St. Augustine Grass Plugs: Planting Tips for Renovated Backyard Patios

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If you plan to convert part of your backyard patio into a garden, you may want to replace the concrete with grass. But choosing the best grass for your southern climate won't be easy if you don't know what's available to you.

St. Augustine grass is the perfect solution to your problem. The grass works well in locations with mild winters and warm to tropical summers. However, the grass can't withstand dry or overly damp soil conditions. Here are tips you can use to prepare your soil for St. Augustine grass plugs and how to maintain the right conditions for the grass to grow.

Remove Rocks and Tree Roots

After you remove the concrete from the location you plan to grow your garden, use a garden hoe, rake or tiller to remove any rocks and tree roots from the soil. Tree roots can grow beneath concrete over time and disrupt the growth of new plants and vegetables. Getting rid of the problem now saves you headaches and extra work later.

Once you complete the step above, leave the area alone for about two or three days. Sometimes, underground roots push through the soil to reach the surface when they search for sunlight and food. In addition, if it rains in the area, hidden roots will wash up toward the surface of the newly tilled soil, which makes it easier for you to remove them.

After you clean the garden, it's time to cultivate or mix its soil to keep it healthy. Cultivating the soil improves its ability to hold moisture and air during the planting. You need to use your garden hoe or rake to gently mix the top and bottom soil layers together.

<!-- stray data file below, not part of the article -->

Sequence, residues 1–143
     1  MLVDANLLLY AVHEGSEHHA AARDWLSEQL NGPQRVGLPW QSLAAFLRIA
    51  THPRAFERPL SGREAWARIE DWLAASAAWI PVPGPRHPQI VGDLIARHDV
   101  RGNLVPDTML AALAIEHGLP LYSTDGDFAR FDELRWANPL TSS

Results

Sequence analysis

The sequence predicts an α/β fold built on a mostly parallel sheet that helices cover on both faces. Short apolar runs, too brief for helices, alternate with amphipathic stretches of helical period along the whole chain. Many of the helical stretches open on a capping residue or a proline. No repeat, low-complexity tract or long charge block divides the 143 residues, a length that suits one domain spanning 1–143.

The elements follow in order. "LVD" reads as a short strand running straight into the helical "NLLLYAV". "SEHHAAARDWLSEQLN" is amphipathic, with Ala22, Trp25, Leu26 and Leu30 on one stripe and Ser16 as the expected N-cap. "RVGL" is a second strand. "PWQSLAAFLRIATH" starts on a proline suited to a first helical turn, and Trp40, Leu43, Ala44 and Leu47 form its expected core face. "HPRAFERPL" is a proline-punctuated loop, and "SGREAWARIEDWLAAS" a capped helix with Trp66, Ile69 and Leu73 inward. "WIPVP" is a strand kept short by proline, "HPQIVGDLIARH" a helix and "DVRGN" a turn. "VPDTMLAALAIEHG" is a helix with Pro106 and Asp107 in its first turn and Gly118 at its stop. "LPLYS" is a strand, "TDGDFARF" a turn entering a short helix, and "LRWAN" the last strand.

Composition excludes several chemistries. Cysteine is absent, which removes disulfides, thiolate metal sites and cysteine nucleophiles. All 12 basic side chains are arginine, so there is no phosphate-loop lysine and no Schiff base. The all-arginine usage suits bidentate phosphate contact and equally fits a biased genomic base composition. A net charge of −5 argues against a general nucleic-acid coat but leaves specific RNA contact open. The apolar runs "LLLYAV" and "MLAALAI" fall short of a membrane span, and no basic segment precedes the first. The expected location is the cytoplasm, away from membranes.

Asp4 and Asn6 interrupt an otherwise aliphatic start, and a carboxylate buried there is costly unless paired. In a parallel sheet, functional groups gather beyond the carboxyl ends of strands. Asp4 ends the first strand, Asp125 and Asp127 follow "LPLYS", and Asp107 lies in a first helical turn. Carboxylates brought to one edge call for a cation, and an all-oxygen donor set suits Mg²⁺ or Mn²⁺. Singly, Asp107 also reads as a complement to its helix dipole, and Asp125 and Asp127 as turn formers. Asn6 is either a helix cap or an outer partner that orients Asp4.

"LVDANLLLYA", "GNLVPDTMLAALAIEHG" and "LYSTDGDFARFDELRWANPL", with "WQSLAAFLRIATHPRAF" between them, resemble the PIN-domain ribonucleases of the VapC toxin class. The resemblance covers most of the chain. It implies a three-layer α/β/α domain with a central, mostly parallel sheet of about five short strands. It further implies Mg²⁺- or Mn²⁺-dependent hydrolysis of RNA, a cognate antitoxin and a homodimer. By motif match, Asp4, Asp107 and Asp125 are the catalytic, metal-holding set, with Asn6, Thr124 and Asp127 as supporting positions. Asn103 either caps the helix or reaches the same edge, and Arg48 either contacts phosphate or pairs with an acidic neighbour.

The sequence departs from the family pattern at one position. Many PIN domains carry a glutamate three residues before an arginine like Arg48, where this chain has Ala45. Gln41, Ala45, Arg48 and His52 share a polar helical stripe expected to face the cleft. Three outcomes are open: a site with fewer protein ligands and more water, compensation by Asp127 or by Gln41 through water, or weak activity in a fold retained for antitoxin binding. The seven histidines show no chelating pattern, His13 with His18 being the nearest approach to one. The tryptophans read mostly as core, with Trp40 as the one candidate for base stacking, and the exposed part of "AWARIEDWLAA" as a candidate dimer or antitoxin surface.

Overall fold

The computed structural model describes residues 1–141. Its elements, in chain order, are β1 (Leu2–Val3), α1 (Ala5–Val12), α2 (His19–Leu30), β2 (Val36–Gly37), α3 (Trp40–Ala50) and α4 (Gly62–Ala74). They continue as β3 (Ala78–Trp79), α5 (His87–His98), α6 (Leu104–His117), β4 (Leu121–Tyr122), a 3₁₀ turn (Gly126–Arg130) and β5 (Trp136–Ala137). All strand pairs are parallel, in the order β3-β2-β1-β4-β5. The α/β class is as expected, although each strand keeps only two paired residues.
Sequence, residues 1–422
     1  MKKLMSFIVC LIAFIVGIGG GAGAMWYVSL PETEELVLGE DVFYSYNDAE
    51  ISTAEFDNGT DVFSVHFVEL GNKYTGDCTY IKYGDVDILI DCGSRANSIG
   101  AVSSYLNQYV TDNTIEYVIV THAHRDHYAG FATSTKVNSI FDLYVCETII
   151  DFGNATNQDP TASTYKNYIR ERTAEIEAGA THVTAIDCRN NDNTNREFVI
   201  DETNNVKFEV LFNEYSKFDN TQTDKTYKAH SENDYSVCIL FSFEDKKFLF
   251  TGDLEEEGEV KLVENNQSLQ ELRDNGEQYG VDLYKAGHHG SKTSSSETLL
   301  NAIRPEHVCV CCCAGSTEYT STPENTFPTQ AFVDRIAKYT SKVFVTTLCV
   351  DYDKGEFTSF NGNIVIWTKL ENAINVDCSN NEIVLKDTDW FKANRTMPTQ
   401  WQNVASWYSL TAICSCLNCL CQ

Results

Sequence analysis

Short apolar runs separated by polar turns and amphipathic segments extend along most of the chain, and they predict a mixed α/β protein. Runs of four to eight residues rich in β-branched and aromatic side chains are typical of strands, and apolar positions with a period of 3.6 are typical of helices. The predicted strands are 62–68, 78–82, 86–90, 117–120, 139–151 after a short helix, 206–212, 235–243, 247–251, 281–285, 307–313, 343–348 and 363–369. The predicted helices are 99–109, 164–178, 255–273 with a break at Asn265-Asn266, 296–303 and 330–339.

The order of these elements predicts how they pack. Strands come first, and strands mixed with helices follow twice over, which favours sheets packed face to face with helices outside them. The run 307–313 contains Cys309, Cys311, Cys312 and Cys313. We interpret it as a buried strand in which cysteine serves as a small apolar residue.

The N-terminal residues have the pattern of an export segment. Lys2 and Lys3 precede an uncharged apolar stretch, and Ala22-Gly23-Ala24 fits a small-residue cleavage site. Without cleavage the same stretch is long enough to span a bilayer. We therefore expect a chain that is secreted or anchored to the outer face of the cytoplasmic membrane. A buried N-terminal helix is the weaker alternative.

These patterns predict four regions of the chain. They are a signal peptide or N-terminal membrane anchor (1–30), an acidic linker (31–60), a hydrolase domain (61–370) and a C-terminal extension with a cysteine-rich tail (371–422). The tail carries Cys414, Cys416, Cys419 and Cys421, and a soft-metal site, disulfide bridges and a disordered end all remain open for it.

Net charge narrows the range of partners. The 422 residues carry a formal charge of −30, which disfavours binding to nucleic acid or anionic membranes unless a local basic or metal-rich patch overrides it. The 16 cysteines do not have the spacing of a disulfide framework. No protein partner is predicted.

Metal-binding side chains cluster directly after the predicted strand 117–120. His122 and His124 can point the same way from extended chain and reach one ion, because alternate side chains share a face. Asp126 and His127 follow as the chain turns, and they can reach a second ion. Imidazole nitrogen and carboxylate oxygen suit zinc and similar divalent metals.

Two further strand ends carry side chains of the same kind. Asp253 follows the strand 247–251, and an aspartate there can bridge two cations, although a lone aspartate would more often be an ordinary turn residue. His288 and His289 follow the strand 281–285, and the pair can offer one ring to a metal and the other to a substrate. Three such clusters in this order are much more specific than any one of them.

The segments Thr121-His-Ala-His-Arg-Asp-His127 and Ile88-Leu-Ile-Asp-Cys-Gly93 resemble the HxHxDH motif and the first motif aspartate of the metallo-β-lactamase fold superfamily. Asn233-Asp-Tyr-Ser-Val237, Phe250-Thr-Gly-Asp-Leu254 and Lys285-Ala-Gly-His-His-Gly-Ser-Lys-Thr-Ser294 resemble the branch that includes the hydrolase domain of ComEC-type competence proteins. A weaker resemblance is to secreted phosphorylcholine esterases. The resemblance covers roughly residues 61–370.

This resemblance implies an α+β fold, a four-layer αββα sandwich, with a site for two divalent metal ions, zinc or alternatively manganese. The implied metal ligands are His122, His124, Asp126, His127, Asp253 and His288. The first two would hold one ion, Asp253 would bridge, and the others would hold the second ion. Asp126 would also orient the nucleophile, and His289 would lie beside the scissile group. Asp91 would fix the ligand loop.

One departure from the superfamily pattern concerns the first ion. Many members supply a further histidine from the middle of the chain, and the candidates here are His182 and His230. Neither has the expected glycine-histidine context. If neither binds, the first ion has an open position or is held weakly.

You should cultivate the garden for about 15 minutes before moving to the next step in your preparations.

Lay Down Topsoil With Fertilizer and Plant Your St. Augustine Plugs

Purchase several bags of topsoil from your local home and garden store. Although your landscape's topsoil is good for your garden, it may not contain all the nutrients your St. Augustine grass needs to flourish, such as extra nitrogen. You should purchase topsoil with quick-release fertilizer for the best results.

However, if you can't find quick-release topsoil with fertilizer, purchase the ingredients separately. Be sure to mix the two ingredients together in a large container before you apply them to the tilled garden. You want to cover the garden evenly before you add your St. Augustine grass.

You should begin the next stage of your grass seed planting right away to avoid problems. You don't want rain to saturate the soil, or the sun to dry it out. The plugs won't grow well in overly wet or dry conditions. In addition, the grass may develop problems from overwatering after it grows, such as fungi and weeds.

It's best to follow the planting instructions on the packaging for your grass. Some sources recommend placing your plugs in holes large enough to support and hold their roots for good growth. Other sources instruct you to place the plugs about 3 inches apart in the soil.

If you still don't know how to proceed, contact your St. Augustine grass supplier for clearer instructions and advice about how to plant your plugs.

To help your St. Augustine grass plugs grow healthy, place a dewatering system in the garden that removes excess rainwater from the soil. The system should direct the water to another area of the property, such as your trees or shrubs.

If you need additional tips or ideas on how to plant your plugs, visit resources such as